Read our updated guide to the best 13-inch laptops, now with the HP Spectre x360.
Update: In accordance with our laptop ranking methodology, we’ve added the (now 4K display-equipped) 13.3-inch HP Spectre x360 at number 3 on our list. Read on to find out why this 2-in-1 notebook is one of the all-around best 13-inch laptops money can buy!
Thirteen inches. Arguably, it’s the perfect size for a laptop screen. Not too big nor too small, the best 13-inch laptop will sidestep the flimsiness and squint-inducing terror of a smaller notebook, absent the need to intimidate with a gargantuan form factor.
They’re not all Windows laptops either; Apple fans will rejoice at the fact that the MacBook Pro and MacBook Air continue to stun in 13-inch flavors. Whatever the case, you ought to find a notebook that – at the very least – incites interest. Whether it’s a 2-in-1 or a traditional clamshell you’re after, we’ve encapsulated the spice of life in our list of the very best 13-inch laptops.
For a broader view, take a gander at the best laptops in the world today, and if it’s thin and light you’re after, you can also find the best Ultrabook from TechRadar. But, whatever you do, be sure to read on to find our favorite 13-inch picks of the past few months in no particular order.
Now graced with 7th-generation Intel Core i processors, Dell has struck (rose) gold with the XPS 13. The lush design, lengthy battery life and even the SD card slot are still intact, only now it’s souped up with improved internal specs and sleeker appearances reminiscent of the MacBook and HP Spectre lineups. What’s more, the full-size processor and 13.3-inch display are crammed into an 11-inch frame made possible by Dell’s own nearly bezel-less InfinityEdge display technology.
The ZenBook UX305 is a well-built, fully metal machine that’s thin, light and attractive. Now available with Intel’s full-fat Core i-series processors in addition to the usual Core M chips, the UX305’s astonishing value makes it hard to ignore. Updated with a gorgeous QHD+ display, it stands out as a shining example of a computer that offers power and portability in a small package that doesn’t break the bank.
The HP Spectre x360 is the one you introduce to your parents. It’s strikingly well-crafted, boasting a silvery design that makes it every bit as cutting-edge on the outside as it is within. Given the choice between a 7th-generation i5 or i7 Ultrabook-class processor and a 1080p or 4K screen, HP has gives plenty of room for customization. It’s not underpowered, nor does its battery life suffer from overcompensation. In fact, in our own movie test, the HP Spectre x360 lasted a whole 8 hours and 45 minutes. The only real catch is that, like a lot of its competitors, the Spectre x360 also lacks an SD card slot, opting instead for a pair of USB Type-C ports.
Though it’s failed to make a dent in the laptop space with much more than its Tab Pro S convertible, Samsung’s follow-up to the 2012 Series 9 notebook boasts not only capable specs, but a competitive price as well. Marketed as an Ultrabook, it’s certainly disheartening to know the battery life lasts only five hours, but given its sleek and sexy design, it almost doesn’t matter. What’s more, with the Samsung Notebook 9, you won’t have to deal with bloatware made infamous by many of the other Microsoft OEMs.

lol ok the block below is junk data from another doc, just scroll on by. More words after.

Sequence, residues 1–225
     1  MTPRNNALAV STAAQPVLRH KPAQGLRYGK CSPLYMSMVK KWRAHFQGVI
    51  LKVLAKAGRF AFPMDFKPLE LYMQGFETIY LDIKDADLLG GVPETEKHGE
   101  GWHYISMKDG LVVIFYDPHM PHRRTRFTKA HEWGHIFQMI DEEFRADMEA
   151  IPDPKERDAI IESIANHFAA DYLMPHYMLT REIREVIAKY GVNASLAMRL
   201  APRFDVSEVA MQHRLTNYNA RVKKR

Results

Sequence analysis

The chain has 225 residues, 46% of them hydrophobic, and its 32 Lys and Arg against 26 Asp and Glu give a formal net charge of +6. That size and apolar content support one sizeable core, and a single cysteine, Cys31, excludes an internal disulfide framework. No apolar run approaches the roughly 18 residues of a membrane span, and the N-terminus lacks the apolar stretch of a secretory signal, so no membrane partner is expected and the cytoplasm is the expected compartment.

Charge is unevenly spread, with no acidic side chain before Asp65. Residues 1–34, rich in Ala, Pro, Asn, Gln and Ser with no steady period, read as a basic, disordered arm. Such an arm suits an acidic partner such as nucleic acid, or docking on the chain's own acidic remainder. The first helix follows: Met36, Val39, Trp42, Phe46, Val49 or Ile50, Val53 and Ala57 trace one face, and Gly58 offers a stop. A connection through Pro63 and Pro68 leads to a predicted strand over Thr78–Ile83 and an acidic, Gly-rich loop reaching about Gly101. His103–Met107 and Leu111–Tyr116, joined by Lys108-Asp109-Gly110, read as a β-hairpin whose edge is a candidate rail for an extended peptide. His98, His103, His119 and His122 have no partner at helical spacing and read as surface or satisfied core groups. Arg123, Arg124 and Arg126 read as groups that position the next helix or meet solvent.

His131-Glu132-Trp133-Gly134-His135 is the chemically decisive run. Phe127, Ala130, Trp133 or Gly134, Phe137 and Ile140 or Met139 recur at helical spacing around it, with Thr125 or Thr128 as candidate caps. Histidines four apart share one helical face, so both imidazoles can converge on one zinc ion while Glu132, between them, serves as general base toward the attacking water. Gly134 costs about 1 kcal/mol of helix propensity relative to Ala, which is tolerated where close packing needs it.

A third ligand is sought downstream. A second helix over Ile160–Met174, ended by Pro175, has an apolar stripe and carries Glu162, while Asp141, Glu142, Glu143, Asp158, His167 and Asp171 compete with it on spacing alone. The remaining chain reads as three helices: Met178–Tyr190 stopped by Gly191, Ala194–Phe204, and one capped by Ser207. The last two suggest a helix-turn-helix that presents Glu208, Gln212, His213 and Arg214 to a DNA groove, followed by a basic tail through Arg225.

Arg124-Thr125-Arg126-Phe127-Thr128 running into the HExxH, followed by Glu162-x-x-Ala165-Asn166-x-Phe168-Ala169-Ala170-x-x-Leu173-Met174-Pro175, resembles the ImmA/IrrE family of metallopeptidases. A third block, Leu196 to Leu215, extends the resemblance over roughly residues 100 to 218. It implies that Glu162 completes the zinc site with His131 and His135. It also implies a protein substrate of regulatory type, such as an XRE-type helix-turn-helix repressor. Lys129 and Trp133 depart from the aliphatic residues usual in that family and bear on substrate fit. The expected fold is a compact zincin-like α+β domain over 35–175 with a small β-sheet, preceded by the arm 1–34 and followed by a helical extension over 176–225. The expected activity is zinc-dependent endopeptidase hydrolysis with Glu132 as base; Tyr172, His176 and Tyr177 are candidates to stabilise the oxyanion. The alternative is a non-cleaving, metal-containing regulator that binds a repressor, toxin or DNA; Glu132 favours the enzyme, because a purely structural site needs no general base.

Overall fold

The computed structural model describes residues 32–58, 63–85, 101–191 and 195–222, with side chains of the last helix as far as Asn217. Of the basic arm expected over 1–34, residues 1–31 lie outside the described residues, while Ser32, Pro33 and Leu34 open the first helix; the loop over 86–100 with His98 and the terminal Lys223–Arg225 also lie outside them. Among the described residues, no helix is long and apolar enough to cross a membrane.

That’s not a typo you just read on the specs sheet – the Acer Aspire S 13 truly is a beast. Replete with a Skylake Core series processors shoved inside a tiny, 13.3-inch body, the Aspire S 13 can handle practically anything you throw at it productivity-wise. Unfortunately, the catch is that with all this power comes a distinct shortage on battery life. It may be an Ultrabook, but the Aspire S 13 only managed 3 hours and 12 minutes in our PCMark 8 battery test. Luckily, the Acer Aspire S 13 also comes with the benefit of USB 3.1, all but a boon in this awkward early age of USB-C.
The Lenovo Yoga 910 is all about second chances. It throws away many of the signature design traits of the previous model, the Yoga 900, in favor of a more pristine outward appearance and a heavy duty Intel Core i7 processor as well as the option of a 4K display. Lenovo also managed to squeeze a larger, nearly 14-inch screen into the same 13-inch chassis of the Yoga 900 without compromise. Not to mention, even with the implementation of USB-C ports, the Lenovo Yoga 910 doesn’t completely neglect USB Type-A, dragging the precious connection standard of the past along with it.
In a market densely populated with slim-line laptops from a massive range of manufacturers, Apple’s MacBook Air fights on admirably – though it started showing its age on the outside a long time ago. It has Intel’s fifth-generation Core-series processors rather than the newest Skylake variants, but it’s still a capable machine; even more so since Apple made 8GB of RAM standard across the line. If you don’t like the look of its lowly 1,440 x 900 pixel-resolution display, there’s always the 12-inch MacBook – and new MacBook Air models are expected to launch this summer.
Though it may not have the 12-inch MacBook’s slick design, the 13-inch MacBook Pro with Retina features Apple’s Force Touch track pad that uses different levels of sensitivity instead of mechanical buttons to make clicks. Even without the fancy Touch Bar, the MacBook Pro exceeds expectations with two Thunderbolt 3 USB-C ports, quieter fans, louder speakers and even a battery life exceeding 7 hours in our anecdotal testing. Despite a controversial keyboard mechanism, the MacBook Pro is thinner, lighter and ready to travel.